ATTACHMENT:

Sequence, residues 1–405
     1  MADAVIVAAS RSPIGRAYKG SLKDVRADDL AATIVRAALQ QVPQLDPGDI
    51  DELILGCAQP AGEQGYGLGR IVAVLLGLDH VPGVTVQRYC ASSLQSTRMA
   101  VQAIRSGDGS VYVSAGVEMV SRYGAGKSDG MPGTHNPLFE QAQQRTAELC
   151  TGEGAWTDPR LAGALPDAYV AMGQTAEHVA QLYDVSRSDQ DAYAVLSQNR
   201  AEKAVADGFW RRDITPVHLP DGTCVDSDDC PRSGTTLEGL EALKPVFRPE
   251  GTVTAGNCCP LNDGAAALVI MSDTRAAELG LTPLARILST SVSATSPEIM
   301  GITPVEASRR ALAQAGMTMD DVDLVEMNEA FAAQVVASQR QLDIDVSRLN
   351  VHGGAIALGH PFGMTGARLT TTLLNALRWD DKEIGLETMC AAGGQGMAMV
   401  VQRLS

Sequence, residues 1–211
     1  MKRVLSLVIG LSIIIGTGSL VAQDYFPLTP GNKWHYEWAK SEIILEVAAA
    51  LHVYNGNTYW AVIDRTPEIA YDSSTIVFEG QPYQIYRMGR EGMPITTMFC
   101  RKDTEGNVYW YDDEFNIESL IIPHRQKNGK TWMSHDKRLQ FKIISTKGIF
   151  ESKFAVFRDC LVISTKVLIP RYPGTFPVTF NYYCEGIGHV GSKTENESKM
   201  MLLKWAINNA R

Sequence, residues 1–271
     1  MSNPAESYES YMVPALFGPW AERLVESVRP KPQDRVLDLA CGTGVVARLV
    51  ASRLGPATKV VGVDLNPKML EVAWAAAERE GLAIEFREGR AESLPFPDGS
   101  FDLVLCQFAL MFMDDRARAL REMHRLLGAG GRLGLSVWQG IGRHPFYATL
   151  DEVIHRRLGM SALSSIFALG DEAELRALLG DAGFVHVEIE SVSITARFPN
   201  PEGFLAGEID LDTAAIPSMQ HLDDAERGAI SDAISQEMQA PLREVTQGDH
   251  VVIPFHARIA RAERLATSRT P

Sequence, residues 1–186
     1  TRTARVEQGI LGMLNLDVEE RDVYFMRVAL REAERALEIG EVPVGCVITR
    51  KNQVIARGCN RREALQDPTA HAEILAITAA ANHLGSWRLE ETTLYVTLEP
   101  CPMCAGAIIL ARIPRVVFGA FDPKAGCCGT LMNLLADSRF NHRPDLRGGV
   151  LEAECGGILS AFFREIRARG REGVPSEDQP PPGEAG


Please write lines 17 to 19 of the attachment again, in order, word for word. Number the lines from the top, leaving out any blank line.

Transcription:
Sequence, residues 1–271
     1  MSNPAESYES YMVPALFGPW AERLVESVRP KPQDRVLDLA CGTGVVARLV
    51  ASRLGPATKV VGVDLNPKML EVAWAAAERE GLAIEFREGR AESLPFPDGS